When the stars threw down their spears And water’d heaven with their tears: Did he smile his work to see? Did he who made the Lamb make thee? ~William Blake from “The Tyger”
His birth was attended by tears: The stars wept, knowing what gift had been given Shepherds wept, hearing the heavenly host proclaim, His mother and father wept, knowing Who lay innocent in the manger, they to be entrusted to raise Him to save the world.
A meek Lamb becomes both protector and sacrifice, forgiving the hand that wields the knife that slays Him.
The Lamb shares His name with us so we answer His call ~ we are His sheep we are His flock
He who made the Lamb made us and we answer weeping, knowing the cost.
Little Lamb, who made thee? Dost thou know who made thee? Gave thee life, and bid thee feed, By the stream and o’er the mead; Gave thee clothing of delight, Softest clothing woolly, bright; Gave thee such a tender voice, Making all the vales rejoice? Little Lamb, who made thee? Dost thou know who made thee?
Little Lamb, I’ll tell thee, Little Lamb, I’ll tell thee: He is callèd by thy name, For He calls Himself a Lamb. He is meek, and He is mild: He became a little child. I a child, and thou a lamb, We are callèd by His name. Little Lamb, God bless thee! Little Lamb, God bless thee ~William Blake “Little Lamb”
Behold the Lamb of God who takes away the sins of the world. John 1:29
John the Baptist is the only one who actually calls Jesus a Lamb to His Face. It seems a curious label to put on the Messiah expected to bring the Kingdom of God to His people with great power, might and fanfare.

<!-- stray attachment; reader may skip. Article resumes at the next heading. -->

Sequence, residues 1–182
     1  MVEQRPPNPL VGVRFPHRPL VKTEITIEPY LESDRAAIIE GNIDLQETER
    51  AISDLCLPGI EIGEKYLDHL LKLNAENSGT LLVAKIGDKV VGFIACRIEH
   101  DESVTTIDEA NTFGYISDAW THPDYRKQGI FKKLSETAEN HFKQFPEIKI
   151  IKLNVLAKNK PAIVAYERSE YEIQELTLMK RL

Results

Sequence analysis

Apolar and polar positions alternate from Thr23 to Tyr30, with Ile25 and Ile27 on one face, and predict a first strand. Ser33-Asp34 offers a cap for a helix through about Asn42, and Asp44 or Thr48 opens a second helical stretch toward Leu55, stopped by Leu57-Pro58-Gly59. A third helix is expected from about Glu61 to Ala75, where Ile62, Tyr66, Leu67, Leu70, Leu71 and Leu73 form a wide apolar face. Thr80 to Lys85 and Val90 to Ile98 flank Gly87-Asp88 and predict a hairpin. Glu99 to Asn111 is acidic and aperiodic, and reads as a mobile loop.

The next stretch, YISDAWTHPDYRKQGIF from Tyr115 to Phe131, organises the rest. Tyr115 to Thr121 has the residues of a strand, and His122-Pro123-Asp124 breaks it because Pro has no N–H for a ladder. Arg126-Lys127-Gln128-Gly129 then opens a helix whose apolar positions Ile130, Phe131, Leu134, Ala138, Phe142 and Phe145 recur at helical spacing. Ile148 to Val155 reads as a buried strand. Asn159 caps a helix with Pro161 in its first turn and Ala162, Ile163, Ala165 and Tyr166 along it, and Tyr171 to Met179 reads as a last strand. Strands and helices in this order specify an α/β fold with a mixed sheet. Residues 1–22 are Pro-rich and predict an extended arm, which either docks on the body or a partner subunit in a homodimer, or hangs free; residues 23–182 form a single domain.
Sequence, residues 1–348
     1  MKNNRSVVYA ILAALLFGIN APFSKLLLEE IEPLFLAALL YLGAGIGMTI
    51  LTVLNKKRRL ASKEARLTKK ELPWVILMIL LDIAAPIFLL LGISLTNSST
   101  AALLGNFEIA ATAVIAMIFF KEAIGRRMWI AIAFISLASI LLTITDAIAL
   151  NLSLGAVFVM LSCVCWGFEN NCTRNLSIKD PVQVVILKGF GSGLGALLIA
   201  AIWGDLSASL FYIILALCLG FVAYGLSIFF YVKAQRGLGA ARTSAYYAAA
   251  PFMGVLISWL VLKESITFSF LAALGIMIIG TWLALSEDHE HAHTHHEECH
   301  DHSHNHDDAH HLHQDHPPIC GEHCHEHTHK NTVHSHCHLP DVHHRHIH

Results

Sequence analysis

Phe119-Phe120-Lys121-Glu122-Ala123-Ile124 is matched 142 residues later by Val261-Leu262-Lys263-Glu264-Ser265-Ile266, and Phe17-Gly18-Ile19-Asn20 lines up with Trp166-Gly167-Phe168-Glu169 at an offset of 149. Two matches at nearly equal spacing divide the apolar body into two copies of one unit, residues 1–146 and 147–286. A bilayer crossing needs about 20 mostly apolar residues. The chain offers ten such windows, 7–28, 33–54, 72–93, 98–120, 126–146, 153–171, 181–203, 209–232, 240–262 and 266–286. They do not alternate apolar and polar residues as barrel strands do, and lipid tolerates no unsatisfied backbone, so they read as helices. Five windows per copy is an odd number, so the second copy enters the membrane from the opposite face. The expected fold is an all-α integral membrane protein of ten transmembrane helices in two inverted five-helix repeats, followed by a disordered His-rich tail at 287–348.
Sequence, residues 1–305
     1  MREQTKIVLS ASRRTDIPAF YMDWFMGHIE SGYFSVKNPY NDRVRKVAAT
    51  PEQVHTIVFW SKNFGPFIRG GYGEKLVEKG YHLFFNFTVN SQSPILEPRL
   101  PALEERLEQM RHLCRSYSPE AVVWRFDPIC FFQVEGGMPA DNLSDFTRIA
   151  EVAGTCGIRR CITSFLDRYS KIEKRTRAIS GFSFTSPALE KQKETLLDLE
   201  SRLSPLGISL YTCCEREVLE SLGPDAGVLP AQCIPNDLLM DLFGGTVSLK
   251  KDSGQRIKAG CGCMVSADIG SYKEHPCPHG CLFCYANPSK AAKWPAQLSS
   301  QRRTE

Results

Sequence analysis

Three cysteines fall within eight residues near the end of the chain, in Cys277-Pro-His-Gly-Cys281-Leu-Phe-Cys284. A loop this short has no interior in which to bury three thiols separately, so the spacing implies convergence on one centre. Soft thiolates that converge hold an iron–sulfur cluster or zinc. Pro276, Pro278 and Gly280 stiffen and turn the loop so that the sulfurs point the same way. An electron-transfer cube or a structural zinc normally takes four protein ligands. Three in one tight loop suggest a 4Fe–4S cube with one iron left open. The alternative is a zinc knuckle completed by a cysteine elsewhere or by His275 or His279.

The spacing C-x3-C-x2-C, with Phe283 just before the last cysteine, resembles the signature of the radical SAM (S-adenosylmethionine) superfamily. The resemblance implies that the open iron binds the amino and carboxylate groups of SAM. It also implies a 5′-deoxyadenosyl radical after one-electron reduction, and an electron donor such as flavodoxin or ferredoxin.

A defenseless helpless lamb?
How could God send a mere lamb?
The label is particularly apt for this Messiah. This mere lamb is marked for slaughter, destined for sacrifice. The Jewish people well understood the age-old directive to find a “year old male lamb without defect”, the perfect lamb, as only that blood would demarcate their Passover rescue in Egypt. There would be no mistaking what “Lamb of God” implied to the Jews who knew their Passover history.
But John is even more revolutionary than simply calling Jesus a Lamb of God. He is not talking about a sacrifice meant only for his own people. He is talking about a sacrifice on behalf of the world. For the Jews, for the Gentiles, for the enemies of the Jews, for the millions of people as yet unborn. His words cannot be clearer, ringing through to the unsettled times and people of today.
The perfect lamb is sacrificed, his blood marking the hands of the slaughterers, and washing them clean.
No mere lamb would forgive the holder of the knife. Only so for the Lamb of God.